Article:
11 May 2012
Dr Lucy Raymond, genetics expert from the University of Cambridge, is this Sunday taking part in the Suffolk Sunrise 100 bike ride – one of Suffolk’s biggest. Lucy and other cyclists participating in the ride will be raising funds for the children’s charity Action Medical Research.
The Suffolk Sunrise 100 is one of charity Action Medical Research’s most popular bike rides, with a record recruitment last year of over 800 participants.
Dr Raymond says: “I am only too happy to get involved with raising funds for Action Medical Research. It is a great charity. The charity has funded an investigation into the genetic causes of stillbirth, for which I am the lead researcher, as well as other medical research for the benefit of thousands of babies and children.”
With funding from Action Medical Research, Dr Raymond is looking for genetic causes of stillbirth to give more parents an explanation for their sad loss. “This knowledge could be invaluable. It could help bereaved parents to make sense of their tragic loss, reach closure and readjust to life after their baby’s death,” Dr Raymond says.
Around 4,000 babies are stillborn each year in the UK and many others die soon after birth.1 Losing a baby in such tragic circumstances is deeply upsetting – the grief can be overwhelming. Often, it is not possible to work out exactly why the baby died, leaving great uncertainty and anxiety for couples embarking on a subsequent pregnancy.
The Suffolk Sunrise bike ride sets out from the beautiful grounds of Framlingham College with fabulous views of the castle. It offers a choice of a 100-mile or a shorter 100km route setting, taking in the scenic Suffolk countryside. It is supported by leading bike brand Trek.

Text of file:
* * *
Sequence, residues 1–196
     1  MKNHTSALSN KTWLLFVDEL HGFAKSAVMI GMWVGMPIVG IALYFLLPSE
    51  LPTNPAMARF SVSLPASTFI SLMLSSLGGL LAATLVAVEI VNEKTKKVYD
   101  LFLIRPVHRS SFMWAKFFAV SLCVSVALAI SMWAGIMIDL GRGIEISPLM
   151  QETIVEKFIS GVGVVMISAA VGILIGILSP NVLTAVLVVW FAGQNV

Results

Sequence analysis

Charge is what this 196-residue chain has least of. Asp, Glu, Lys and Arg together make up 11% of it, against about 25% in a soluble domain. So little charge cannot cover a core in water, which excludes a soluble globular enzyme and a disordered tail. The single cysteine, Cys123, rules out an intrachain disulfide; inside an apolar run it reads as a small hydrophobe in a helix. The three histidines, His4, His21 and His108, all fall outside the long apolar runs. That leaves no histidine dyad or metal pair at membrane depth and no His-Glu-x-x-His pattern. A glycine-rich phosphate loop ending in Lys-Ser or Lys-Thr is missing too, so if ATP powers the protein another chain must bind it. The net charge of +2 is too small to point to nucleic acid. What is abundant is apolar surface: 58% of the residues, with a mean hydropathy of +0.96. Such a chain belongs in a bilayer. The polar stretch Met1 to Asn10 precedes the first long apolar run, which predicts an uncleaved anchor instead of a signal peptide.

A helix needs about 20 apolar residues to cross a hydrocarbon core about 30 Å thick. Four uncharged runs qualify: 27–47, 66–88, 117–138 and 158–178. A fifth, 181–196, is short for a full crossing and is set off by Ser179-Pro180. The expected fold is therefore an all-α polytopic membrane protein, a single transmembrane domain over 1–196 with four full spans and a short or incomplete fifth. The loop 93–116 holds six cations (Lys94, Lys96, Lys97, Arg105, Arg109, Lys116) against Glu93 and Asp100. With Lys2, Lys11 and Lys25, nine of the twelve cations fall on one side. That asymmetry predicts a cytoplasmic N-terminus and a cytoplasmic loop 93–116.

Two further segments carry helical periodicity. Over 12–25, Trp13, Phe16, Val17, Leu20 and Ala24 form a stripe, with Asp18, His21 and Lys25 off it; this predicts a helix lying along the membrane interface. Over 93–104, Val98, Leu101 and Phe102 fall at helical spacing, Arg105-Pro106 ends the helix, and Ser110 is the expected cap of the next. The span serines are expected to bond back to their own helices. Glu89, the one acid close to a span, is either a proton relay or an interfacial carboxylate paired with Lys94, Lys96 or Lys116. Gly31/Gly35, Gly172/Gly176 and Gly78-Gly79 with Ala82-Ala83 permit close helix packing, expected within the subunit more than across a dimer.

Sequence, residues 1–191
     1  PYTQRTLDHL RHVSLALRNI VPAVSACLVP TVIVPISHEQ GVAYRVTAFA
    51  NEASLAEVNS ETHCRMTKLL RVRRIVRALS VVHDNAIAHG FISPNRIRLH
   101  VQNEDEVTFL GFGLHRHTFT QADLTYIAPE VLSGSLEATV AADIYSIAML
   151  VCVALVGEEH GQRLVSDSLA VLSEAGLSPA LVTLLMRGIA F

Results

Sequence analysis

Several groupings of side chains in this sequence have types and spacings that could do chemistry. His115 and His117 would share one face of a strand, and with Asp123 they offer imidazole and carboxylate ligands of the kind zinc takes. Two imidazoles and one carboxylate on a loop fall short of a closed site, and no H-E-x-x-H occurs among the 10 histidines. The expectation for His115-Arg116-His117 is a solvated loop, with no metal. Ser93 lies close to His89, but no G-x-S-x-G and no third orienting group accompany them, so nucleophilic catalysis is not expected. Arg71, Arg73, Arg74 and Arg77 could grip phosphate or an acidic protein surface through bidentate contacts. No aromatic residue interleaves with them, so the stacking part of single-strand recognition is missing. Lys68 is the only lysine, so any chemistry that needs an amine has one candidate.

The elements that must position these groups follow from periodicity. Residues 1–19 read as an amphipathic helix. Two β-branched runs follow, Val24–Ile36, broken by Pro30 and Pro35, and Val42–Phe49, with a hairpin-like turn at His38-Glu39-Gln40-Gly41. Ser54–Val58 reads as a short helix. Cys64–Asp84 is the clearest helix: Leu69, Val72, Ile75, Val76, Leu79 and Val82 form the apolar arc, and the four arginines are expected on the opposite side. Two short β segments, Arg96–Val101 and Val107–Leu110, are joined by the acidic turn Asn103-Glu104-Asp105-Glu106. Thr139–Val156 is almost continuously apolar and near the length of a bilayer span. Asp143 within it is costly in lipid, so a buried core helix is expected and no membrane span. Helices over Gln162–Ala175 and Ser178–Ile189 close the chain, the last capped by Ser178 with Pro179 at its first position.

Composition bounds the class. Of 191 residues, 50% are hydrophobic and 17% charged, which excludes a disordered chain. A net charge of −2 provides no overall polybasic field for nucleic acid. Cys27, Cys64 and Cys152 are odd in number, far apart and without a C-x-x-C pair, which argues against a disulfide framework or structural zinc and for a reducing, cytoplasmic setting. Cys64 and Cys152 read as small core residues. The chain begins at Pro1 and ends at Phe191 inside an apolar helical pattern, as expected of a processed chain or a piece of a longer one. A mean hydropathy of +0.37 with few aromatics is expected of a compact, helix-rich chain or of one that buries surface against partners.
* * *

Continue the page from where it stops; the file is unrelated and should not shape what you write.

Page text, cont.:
Action Medical Research is celebrating its 60th anniversary in 2012 and since 1952 has spent more than £100 million on research that has helped save thousands of children’s lives and changed many more. The charity is currently supporting research in areas such as meningitis, epilepsy, cerebral palsy, premature birth, and some very rare conditions that severely affect children.
This event is part of the charity’s popular RIDE100 series of one-day bike rides taking place across the UK. All include chip timing, food and water stations, lunch, marshals and mechanics.
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Action Medical Research - the leading UK-wide medical research charity dedicated to helping babies and children - is celebrating 60 years of vital research in 2012. We’ve been funding medical breakthroughs since we began in 1952 and have spent more than £100 million on research that has helped save thousands of children’s lives and changed many more. Today, we continue to find and fund the very best medical research to help stop the suffering of babies and children caused by disease and disability. We want to make a difference in:
• tackling premature birth and treating sick and vulnerable babies
• helping children affected by disability, disabling conditions and infections
• targeting rare diseases that together severely affect many forgotten children.
But there is still so much more to do. Make 2012 a special year and help fund more life-changing research for some of the UK’s sickest babies and children.
Action Medical Research has more than 30 years experience in organising successful bike rides. Routes are monitored and clearly signposted. Snack and lunch stops are provided and medical and mechanical staff are on hand at all times.
The RIDE100 series is supported by Trek Bicycle, a global leader in the design and manufacture of bicycles and related products. Trek believes the bicycle can be a simple solution to many of the world’s most complex problems, and is committed to breaking down the barriers that prevent people from using bicycles more often for transportation, recreation, and inspiration. For more information about Trek, visit www.trekbikes.com